Most people seem to think that the nests are birds’ permanent homes. However, these avian creatures do not actually live inside their nests, at least not all year long. Birds follow specific yearly cycles, which dictate where a bird would live at any given time.
As most of you might already know, birds are known to learn about a season by measuring the length of days. When the days are longer in the spring months, the hormonal changes in a bird’s body signal them that it’s time to breed. So, they build a nest, find a mate, and breed. All parent birds care for their fledglings for varying periods, after which they leave the nest.
By the time days grow shorter, the birds have realized that it’s time to migrate south to warmer climates and abundant food for the winters. Coming spring, they will return to their breeding grounds again in order to repeat the whole procreating cycle.
This annual cycle is common for migratory birds. The non-migratory birds that remain on their breeding grounds all year long might choose to breed in their same nest year after year and mate for life.
In any case, nests serve an important purpose for all birds despite the fact that birds don’t live in them indefinitely. Different birds have different preferences for building their nests, including location, shape, size, and so on.
For instance, some birds nest in tree cavities, while others are primarily ground-nesters. Some would choose to nest in large colonies, whereas others pick a cliff or rock to build their nest. The materials these birds use for nest-building also vary. In this article, we’ll discuss birds that build mud nests.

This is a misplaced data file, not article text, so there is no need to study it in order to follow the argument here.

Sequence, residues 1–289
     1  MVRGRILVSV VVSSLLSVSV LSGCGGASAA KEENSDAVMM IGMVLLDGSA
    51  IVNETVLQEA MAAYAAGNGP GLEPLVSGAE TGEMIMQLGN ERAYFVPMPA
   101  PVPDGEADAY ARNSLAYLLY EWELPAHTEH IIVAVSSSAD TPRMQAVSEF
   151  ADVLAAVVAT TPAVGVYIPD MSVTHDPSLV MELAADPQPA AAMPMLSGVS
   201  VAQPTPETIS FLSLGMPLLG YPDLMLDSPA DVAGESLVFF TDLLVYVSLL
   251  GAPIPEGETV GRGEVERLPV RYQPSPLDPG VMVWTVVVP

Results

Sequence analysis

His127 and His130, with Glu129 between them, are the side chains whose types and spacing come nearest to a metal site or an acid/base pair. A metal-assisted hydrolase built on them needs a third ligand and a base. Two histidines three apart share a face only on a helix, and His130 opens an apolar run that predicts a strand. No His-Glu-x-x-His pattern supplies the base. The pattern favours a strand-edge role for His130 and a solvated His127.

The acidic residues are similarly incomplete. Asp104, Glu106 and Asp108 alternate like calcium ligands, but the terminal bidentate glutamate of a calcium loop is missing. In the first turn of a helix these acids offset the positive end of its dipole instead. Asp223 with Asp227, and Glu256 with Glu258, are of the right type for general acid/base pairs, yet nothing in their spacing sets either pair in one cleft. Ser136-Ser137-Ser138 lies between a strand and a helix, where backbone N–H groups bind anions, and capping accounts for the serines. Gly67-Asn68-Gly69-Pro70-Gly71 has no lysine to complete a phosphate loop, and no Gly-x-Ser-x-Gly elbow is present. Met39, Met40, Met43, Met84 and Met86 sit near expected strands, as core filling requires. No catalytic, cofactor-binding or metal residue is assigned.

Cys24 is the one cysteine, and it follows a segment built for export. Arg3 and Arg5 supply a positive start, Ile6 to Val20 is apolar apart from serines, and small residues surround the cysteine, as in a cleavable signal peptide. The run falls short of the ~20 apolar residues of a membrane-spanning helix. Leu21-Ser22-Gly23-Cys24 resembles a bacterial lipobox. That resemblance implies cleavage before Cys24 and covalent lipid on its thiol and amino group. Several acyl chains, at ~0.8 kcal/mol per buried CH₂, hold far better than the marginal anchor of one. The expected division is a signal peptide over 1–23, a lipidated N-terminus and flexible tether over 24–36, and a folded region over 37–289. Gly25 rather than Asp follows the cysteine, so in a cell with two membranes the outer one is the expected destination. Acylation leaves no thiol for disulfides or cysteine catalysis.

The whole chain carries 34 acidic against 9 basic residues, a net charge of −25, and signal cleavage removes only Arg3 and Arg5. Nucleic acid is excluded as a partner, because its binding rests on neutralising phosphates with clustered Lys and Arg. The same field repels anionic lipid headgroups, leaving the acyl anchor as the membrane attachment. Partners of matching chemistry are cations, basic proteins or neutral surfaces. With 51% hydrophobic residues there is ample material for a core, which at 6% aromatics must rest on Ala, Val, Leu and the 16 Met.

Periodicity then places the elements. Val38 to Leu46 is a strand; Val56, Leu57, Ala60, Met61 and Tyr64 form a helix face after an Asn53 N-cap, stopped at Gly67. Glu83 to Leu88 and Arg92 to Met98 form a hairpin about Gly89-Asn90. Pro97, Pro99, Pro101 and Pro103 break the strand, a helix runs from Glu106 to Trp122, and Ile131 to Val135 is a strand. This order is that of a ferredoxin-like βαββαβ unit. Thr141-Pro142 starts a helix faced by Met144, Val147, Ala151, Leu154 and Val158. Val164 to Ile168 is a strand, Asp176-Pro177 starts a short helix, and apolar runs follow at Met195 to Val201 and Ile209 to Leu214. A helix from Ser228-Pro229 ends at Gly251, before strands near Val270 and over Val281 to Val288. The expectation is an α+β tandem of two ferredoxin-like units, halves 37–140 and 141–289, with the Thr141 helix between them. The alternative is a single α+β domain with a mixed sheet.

Here are 8 birds that build their nest using mud:
- Black-billed Magpies
- Barn Swallows
- Black Phoebes
- White-winged Choughs
- Spotted Morning Thrushes
- American Flamingos
- Purple Martins
It is also important to note that while these birds build mud nests, not all of their nests are constructed using mud solely. Some birds do build nests made purely of mud, but others might also use other materials they can find for lining the nest.
Below, we are going to learn about all the birds that build nest muds and discuss how they do it.
Black-billed Magpie (Pica hudsonia)
Also referred to as the “American Magpie,” the Black-billed Magpies are a North American corvid species that reside in tree clumps and other open habitats within their range.
These magpies are easily distinguishable from the other magpie species by their shorter wings and longer tail. They have a black face, eyes, bill, chest, back, and tail, with prominent white and bluish patches on their wings and a white underbody.
Both sexes of the adult Black-billed Magpies have the same plumage; only the males are larger and heavier than their female counterparts.
How do Black-billed Magpies build their nest?
When it comes to nesting, both sexes of the adult Black-billed Magpies tend to participate in the process of looking for an ideal nesting site as well as the construction of the nest itself. Their nests are cup-shaped and appear like a dome from a distance.